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  40.  25
    The Use of Fetal and Anencephalic Tissue for Transplantation.R. C. Cefalo & H. T. Engelhardt - 1989 - Journal of Medicine and Philosophy 14 (1):25-43.
    Advances in transplantation have extended the life and relieved the suffering of thousands of individuals. The prospect of being able to use tissues from embryos, as well as from anencephalic newborns, offers the promise of further relief of suffering. However, these possibilities raise significant moral and public policy issues. The question arises of the extent to which those who disapprove of abortion may make use of tissues derived from abortion in order to treat serious diseases. This essay argues that, with (...)
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  41.  68
    The 'I's Have It: Nietzsche on Subjectivity.Robert Guay - 2006 - Inquiry: An Interdisciplinary Journal of Philosophy 49 (3):218 – 241.
    This paper identifies recent attributions to Nietzsche of skeptical arguments about the subject in its theoretical and practical capacities and argues that they are wrong. Although Nietzsche does criticize the picture of the subject as a unity that exerts influence in the world from outside it, he does so in order to replace it with a richer, more complex model of subjectivity. The skeptical arguments attributed to Nietzsche attempt to assimilate features of subjectivity to some alternative, purportedly more familiar (...)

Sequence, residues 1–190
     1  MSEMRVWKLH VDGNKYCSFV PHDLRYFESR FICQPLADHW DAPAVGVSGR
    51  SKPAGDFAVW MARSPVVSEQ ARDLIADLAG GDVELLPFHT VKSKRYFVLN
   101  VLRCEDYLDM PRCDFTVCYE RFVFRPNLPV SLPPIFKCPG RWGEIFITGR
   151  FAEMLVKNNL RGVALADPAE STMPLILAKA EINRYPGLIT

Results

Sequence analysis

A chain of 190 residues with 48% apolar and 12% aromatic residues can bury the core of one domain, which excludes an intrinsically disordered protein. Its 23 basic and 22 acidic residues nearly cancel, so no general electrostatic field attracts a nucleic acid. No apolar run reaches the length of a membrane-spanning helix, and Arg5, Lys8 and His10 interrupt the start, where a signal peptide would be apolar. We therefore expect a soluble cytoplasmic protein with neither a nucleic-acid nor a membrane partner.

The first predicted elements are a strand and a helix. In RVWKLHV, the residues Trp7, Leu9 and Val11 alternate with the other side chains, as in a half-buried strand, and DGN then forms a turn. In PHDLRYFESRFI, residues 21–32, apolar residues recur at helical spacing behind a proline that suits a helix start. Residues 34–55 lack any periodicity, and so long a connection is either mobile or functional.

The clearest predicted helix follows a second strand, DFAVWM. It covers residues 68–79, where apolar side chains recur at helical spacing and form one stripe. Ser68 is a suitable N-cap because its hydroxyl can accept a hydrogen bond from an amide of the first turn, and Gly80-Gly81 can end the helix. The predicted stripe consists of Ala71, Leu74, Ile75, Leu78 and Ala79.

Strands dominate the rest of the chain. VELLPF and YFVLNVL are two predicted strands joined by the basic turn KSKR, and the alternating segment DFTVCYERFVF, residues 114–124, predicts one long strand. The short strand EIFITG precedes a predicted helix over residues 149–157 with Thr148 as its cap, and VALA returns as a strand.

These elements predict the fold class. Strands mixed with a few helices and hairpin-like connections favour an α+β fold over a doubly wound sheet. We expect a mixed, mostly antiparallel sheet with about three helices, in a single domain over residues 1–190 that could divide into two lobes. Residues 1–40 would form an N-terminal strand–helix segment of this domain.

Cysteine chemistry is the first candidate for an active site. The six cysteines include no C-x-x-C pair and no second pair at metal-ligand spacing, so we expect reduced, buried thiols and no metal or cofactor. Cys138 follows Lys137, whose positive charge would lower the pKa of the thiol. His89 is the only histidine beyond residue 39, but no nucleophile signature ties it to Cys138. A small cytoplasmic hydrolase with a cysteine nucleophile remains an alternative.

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  42.  19
    A Comparative Study on Wang Yang-Ming and Hannah Arendt for the 21st Century.Unsunn Lee - 2008 - Proceedings of the Xxii World Congress of Philosophy 50:429-438.
    This is a comparative study on the 20th's century's Western philosophy Hannah Arendt(1906-1975) and the 16th century's Eastern Confucian thinker Wang Yang-ming(1472-1529). Wang-ming was a Neoconfucian thinker of the 16th century China. In his time, Chinese intellectual world was dominated by Neoconfucian Ch’eng-Chu School which laid much stress on scholastic work of learning. Yang-ming saw a huge obstacle of intellectualism in Ch’eng-Chu school’s theoretical scholasticism that emphasized overly book-learning to be required on the way to become a genuine person. He (...)
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  43.  9
    Autonomy of the child in the South African context: is a 12 year old of sufficient maturity to consent to medical treatment?Wandile Ganya, Sharon Kling & Keymanthri Moodley - 2016 - BMC Medical Ethics 17 (1):66.
    A child is a developing person with evolving capacities that include autonomy, mental capacity and capacity to assume responsibility. Hence, children are entitled to participatory rights in South Africa as observed in the Children’s Act 38 of 2005. According to section 129 of the Act a child may consent to his or her own medical treatment provided that he or she is over the age of 12 years and is of sufficient maturity and decisional capacity to understand the various (...)
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    Entity and Identity and Other Essays.Robert Hanna - 2000 - Review of Metaphysics 54 (1):172-173.
    Few would disagree that P. F. Strawson and W. V. O. Quine have been the leading figures in Anglo-American philosophy during the second half of the twentieth century. This book brings together a number of Strawson’s widely-scattered previously-published essays from the 1970s, 1980s, and 1990s. The unity of the collection is partly provided by the internal connectedness of the essays to Strawson’s most important books Individuals, The Bounds of Sense, Logico-Linguistic Papers, and Subject and Predicate in Grammar and Logic. But (...)
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  45.  10
    Is Preventive Suicide a Rational Response to a Presymptomatic Diagnosis of Dementia?Russell Powell - 2014 - Journal of Medical Ethics 40 (8):511-512.